The following day I had another job that I needed to take care of in the morning, so I wasn’t able to get there until about 5:30 PM. I had apprised the client of the status of things, and they called me around 10 AM and stated that the server seemed to be frozen. When I got there, I checked things out, and it seemed that Carbonite had finished restoring everything, and we were ready to move onto the next step. The next step was to get the software that the client needed on the server installed. As this is a commercial software suite, which included support, I again made a phone call, got the support tech remote access, and let him do his thing. Things turned sharply for the worse, almost immediately. I told him what had happened, and what we had done. He poked around for about a minute, and asked “where are the files?”. Uh-oh. “What files?” “There should be [these_files] in [this_location].” So I got off with him, and dug around a bit myself, both on the server, and on the online Carbonite backup. The necessary files were nowhere to be found. SO I called Carbonite again, and explained my predicament to them. “Oh, that location isn’t backed up by default, that would have had to be manually setup to back up. I do see that the customer is paying for the option to back that up, but it was never setup.” Crap. The files in question were a database for all of my customers customers over the previous 8 years, as well as ALL of their scheduling, billing, and customer information. They had been blind since the server went down, and now it didn’t look like that was going to change very soon. I’ll skip the painful details of having that particular conversation with the client, but if you work in IT, you can imagine. There wasn’t much to be done from there, other than to start over. Accordingly I got the software support tech back in, and had him start the installation process. (At that point I had not totally given up on recovering the database, but either way, we would need the software installed, so I decided we may as well pursue that in the interim.) The software rep said that the installation would take him about 2 hours, and it was 8 PM by then, so I took off for the night again, planning to be back by 10 the next day.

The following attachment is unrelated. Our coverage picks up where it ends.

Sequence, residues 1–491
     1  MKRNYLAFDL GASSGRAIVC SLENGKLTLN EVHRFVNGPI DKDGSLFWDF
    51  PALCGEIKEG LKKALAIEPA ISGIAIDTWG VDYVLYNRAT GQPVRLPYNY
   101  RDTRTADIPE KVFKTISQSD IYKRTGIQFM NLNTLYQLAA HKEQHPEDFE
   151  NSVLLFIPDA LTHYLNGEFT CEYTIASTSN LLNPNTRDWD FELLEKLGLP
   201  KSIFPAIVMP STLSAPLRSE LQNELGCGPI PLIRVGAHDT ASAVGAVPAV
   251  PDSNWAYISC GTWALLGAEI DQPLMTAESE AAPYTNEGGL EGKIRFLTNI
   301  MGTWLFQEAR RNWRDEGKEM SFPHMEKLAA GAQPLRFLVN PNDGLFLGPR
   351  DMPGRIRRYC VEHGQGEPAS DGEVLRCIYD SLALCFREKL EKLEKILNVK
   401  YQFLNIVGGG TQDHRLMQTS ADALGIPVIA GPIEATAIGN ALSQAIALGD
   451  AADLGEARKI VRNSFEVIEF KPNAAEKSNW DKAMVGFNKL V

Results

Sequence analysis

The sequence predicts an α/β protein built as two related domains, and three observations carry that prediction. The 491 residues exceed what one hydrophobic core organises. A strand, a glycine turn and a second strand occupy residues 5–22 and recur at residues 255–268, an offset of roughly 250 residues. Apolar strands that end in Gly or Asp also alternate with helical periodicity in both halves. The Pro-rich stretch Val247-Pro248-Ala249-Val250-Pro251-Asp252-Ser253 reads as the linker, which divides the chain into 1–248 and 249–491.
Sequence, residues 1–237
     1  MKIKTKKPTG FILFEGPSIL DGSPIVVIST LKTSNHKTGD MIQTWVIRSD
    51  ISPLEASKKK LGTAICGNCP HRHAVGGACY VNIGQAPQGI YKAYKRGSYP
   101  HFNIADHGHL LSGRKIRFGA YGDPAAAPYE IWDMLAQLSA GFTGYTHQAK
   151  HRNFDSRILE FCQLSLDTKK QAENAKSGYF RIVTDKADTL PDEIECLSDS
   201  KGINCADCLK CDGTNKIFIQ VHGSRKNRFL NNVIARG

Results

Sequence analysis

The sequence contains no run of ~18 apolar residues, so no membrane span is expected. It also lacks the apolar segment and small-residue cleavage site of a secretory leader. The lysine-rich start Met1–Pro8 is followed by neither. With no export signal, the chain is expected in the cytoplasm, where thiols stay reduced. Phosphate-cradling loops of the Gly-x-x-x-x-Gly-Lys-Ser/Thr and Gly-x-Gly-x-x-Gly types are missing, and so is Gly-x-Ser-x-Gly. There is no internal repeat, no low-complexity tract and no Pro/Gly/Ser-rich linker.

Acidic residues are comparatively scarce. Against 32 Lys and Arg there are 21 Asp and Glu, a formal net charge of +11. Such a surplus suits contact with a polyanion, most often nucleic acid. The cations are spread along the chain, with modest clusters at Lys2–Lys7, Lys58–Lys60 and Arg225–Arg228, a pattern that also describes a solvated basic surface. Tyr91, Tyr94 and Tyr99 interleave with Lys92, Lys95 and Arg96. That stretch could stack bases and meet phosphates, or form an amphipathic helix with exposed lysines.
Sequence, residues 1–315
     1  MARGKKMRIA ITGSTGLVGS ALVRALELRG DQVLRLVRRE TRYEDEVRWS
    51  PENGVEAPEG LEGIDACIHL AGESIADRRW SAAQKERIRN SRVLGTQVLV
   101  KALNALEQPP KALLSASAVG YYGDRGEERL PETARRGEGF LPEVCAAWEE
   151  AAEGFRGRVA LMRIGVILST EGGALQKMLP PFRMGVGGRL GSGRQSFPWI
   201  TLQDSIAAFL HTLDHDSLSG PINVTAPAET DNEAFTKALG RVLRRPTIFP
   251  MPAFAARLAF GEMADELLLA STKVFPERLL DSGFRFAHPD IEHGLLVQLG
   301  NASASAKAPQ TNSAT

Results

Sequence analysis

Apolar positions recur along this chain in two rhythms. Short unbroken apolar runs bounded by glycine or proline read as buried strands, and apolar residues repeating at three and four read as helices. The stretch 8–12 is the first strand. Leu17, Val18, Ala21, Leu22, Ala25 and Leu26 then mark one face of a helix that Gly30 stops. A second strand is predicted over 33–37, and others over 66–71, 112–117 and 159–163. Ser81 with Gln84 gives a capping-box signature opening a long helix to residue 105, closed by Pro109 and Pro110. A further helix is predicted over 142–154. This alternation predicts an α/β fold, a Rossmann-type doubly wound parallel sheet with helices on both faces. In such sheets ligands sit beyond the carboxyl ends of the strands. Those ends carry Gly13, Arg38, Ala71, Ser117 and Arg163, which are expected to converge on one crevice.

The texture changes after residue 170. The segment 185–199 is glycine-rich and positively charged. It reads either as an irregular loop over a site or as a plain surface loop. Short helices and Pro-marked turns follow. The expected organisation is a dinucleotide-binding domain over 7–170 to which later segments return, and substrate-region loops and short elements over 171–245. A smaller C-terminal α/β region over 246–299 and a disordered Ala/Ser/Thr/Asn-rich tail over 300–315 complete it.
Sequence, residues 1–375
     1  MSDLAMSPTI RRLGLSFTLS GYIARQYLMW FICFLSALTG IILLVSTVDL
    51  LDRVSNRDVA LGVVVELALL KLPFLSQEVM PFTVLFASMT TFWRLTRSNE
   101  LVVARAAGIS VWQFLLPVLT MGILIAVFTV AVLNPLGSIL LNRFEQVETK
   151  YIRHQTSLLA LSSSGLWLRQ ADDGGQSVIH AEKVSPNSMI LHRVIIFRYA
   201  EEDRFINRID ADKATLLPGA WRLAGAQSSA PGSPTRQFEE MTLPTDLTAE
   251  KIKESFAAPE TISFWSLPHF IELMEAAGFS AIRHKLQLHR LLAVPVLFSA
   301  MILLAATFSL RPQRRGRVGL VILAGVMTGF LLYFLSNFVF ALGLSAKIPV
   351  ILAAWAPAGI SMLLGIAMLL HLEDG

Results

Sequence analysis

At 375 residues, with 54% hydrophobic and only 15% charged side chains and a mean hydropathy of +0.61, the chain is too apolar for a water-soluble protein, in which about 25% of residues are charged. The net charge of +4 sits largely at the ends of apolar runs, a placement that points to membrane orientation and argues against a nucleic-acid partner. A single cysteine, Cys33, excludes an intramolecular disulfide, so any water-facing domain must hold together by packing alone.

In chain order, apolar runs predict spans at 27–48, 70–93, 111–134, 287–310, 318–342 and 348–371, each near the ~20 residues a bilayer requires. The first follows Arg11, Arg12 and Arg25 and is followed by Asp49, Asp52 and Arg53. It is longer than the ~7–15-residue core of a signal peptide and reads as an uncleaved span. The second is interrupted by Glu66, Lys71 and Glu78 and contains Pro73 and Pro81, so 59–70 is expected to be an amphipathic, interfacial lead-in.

The next morning, I got a call at about 930 saying that the software rep had not been able to finish the night before, and would need to get back on today. However, he was located in California, and didn’t get in until 10 AM EST (our time), so there was point in me coming until later. I waited impatiently for the call to come back and keep working, but it never came. Instead, around 5PM I got a call letting me know that due to the age of the server/OS, the software rep was running into problem after problem, and was warning them that the system might not end up being stable no matter what. With this recommendation, they decided that they were going to buy a new server, and they would be in touch with me to let me know when they wanted me to come set it up for them.

Thus ended the debacle of server number one. A few things to address before I close. IT guys, NEVER trust someone else’s backup. CLONE THE DRIVE. Yes, it takes time. precious time, when the server is down, and the customer wants it up RIGHT NOW. Go buy an extra drive to swap in in the meantime, if they need to get up immediately. You can always schedule a time overnight or something to swap back to the original drive if you need to. The second part is that I am sure some of you are thinking “Data recovery service” for that database and other files. We are still pursuing that option. (Shoutout to Ontrack Data recovery). However, the drive in question was an older Samsung SSD. Hopefully Ontrack can recover the stuff we need, but SSDs are notoriously pesky for that. (The drive was formatted during the installation.)